The exit into Gloucester off Route 128 twirled like a breeching tarpon. When Archer was growing up her only awareness of Gloucester was the image of a fisherman in a yellow rain coat selling fish sticks. She never ate frozen fish sticks. She blamed it on her mother who never served them. Archer came from a long line of fish haters. Her line preferred cow.
But they loved lobster. Archer ate her first lobster at the Yankee Clipper in Worcester when she was six years old. It was one of her earliest memory. She was so proud when she sat at the wood table covered with the day’s newspaper with empty bowls eagerly awaiting the discarded pieces of shell, metal crackers ready to crush and crack, and her father ordering a two pound lobster for himself, a one and a half pounder for her mother and a one pounder for Archer. Archer beamed, keenly aware she was in the midst of a rite of passage. No more sitting at her mother’s side on the hard wooden bench, waiting to be fed pieces of white lobster meat drenched in butter barely hanging on a tiny red pitchfork, butter dripping off her mother’s fingers. Archer was finally getting her own lobster. She adored the smell of the hot butter, always asked for an extra monkey dish. She loved when the waitress wrapped the bib around her neck, covering her new dress like a graduation gown.
Little Archer had treasured that first moment when she dipped the luscious meat into the hot butter, then licked her fingers like her mother always did. But the best part, the absolutely most awesome amazing part of the whole thing, she only had to ask her daddy to help her crack the claw one time.
Rory refused to eat lobster. He said he couldn’t eat anything that watched him while he ate. Archer offered to take the meat out of the lobster or to have the restaurant serve the lobster without the shell, but the damage had been done. Once a lobster had looked at him with its deep black eyes, Rory could never eat one. He wouldn’t go with her to have lobster either. He said it made him too sad.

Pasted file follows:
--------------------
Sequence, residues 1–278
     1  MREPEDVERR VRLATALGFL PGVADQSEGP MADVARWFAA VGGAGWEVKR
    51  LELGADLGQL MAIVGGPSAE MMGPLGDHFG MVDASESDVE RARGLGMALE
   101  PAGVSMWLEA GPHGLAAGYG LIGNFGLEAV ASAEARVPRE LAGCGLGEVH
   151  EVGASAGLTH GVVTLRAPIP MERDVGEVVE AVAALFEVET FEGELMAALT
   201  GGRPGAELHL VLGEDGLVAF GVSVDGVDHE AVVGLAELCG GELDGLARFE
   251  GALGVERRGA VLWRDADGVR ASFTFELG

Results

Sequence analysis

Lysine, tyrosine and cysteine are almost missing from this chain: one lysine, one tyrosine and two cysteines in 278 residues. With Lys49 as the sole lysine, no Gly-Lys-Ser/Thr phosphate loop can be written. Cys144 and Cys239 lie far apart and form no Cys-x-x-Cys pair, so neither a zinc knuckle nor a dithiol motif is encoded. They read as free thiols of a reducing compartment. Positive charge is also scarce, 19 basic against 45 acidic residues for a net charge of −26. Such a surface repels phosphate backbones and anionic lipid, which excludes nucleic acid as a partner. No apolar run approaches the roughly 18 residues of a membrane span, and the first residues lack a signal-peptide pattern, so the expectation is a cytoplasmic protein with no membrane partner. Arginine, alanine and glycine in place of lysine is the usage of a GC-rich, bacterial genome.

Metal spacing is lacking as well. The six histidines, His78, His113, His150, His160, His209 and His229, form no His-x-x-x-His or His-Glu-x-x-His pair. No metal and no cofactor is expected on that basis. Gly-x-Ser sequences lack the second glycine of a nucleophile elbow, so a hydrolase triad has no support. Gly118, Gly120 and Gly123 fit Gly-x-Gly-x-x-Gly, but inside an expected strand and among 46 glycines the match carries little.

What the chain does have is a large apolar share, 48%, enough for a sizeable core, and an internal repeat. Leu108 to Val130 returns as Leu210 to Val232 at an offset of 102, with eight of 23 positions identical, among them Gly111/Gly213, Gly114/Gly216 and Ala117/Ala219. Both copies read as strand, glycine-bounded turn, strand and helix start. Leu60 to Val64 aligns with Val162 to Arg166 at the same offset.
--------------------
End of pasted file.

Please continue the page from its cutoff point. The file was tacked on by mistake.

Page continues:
In Gloucester, the congested street wound past restaurants and gas stations, souvenir stands and whale watching booths. Archer slowed as the road snaked around a lawn mower shop, lawnmowers evenly lined up on the sidewalk. She regretted Rory wasn’t with her. He would love that store. Would probably talk the ear off the guy behind the counter as he announced his grand plans to solve the world’s problems by building the perfect energy-efficient lawn mower. Her heart swelled for her son. He was simple in the most complicated way. Or maybe he was complicated in the most simple way.
Archer parked in front of the police department located just a few doors from the lawn mower shop, unsure what to think about Rory, unsure what to think about anything. She stared ahead, prepared herself for the interrogation by the police officer. Would she tell the truth or perpetuate Trish’s lies? What would be best for Rory? Archer shook her head, knowing she was probably the last person on the planet who knew what was best for Rory.
She sat for awhile, then pushed open the car door and made her way into the police station, having made a decision. Rory wasn’t getting in trouble because of Trish. It was enough he was being blamed for the stolen car. It was time for Trish to take responsibility for her actions. And Archer wasn’t bailing her out. She had parents. It was their job. Not hers. Besides, she could only parent one difficult teenager at a time. She definitely wasn’t equipped to handle two.
The next chapter will be posted tomorrow.
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